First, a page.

Amazon links: Plotinus' Enneads "Neoplatonism")

With the death of Beksinski the talentless Banach found himself rudderless and has since changed both his direction and name. He now calls himself "Norman Leto". The success he gained in forging Beksinski, and in finding in Michaels someone willing to buy these forgeries has secured him a page in both the Polish–language and English–language Wikipedia.
According to :
"In 1999 [Banach] decided to drop high school and started working on graphics and painting on his own. He is a self-taught artist. For several months Banach worked for a company which specialised in animation and film production. In 2001, Banach participated in a group exhibition in Melbourne which brought him huge popularity in Australia and first offers to purchase his artwork."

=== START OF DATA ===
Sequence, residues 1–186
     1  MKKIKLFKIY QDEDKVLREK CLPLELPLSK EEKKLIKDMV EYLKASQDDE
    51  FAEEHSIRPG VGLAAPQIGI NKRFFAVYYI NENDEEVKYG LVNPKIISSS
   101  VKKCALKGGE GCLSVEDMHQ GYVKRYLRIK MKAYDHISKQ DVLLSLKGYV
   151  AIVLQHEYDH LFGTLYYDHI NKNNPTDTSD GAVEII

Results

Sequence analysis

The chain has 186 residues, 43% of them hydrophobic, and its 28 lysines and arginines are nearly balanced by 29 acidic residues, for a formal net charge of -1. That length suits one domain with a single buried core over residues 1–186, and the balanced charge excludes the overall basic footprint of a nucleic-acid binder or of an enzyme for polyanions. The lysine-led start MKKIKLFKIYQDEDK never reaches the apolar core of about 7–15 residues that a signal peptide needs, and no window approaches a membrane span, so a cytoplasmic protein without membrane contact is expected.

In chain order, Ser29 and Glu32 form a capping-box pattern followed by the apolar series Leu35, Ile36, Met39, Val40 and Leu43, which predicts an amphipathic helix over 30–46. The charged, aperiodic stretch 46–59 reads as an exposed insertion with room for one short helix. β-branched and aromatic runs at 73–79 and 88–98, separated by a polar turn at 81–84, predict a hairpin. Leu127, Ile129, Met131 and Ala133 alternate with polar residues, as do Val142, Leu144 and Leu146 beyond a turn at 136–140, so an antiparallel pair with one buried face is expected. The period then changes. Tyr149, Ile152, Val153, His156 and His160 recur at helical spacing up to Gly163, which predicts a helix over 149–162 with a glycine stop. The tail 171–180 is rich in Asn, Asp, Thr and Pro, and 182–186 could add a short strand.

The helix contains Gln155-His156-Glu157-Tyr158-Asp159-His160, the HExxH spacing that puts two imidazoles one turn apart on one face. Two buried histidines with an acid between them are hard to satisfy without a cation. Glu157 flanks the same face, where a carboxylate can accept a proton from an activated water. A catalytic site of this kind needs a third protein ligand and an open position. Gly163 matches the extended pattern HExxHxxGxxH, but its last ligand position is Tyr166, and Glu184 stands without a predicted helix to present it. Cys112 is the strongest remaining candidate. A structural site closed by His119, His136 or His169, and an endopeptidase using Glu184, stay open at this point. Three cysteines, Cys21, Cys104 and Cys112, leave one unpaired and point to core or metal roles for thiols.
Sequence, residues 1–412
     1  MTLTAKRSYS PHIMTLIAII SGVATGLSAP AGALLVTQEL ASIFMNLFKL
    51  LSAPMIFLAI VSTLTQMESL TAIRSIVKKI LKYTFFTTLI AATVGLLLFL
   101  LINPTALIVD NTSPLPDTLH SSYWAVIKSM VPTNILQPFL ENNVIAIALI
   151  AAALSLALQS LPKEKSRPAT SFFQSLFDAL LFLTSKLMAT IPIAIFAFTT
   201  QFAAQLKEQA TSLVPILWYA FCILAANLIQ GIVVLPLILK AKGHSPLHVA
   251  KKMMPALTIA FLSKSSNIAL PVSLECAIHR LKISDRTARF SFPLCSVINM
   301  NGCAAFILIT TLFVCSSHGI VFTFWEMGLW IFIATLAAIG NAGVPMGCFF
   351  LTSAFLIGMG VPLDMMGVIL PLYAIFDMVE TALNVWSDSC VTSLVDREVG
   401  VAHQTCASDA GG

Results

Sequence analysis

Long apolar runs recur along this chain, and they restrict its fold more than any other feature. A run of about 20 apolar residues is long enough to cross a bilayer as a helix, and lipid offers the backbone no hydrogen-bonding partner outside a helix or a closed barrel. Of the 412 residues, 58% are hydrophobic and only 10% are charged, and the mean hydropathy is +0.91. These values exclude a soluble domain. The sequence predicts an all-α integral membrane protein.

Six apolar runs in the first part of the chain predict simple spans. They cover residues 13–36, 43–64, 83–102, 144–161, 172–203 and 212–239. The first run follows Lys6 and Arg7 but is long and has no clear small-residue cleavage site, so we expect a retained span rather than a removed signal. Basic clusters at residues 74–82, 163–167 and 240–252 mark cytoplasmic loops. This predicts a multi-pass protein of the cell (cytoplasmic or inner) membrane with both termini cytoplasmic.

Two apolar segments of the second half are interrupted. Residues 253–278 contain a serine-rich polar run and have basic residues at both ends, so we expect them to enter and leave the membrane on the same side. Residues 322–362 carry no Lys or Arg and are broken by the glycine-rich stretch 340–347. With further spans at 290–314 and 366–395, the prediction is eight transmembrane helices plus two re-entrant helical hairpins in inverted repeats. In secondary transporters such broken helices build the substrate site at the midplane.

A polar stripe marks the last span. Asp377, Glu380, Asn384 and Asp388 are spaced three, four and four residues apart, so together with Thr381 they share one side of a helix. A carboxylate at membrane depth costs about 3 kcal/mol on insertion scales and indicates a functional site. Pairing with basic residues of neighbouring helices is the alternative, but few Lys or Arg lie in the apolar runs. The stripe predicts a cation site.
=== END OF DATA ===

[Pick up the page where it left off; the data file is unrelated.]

Polish English

Addenda 10/1202008. Banach was not the only artist who was bereft of his own ideas and took the style and motifs of others that was championed by Michaels. He also championed Alex Grey. Below is a photograph of an article from The Courier, newspaper of Ballarat 23/7/2004 showing the Ballarat Gallery director in front of a work by Grey. The article was the review of the Ballarat opening of the "Fantastic and Visionary Art: An Orange Regional Gallery Touring Exhibition." Alex Grey is dealt with on another page.

Demetrios Vakras 5/12/2008.
graphics and text © demetrios vakras
paintings reproduced here remain the © of the artists (or their estates) and are reproduced here on the principle of fair use.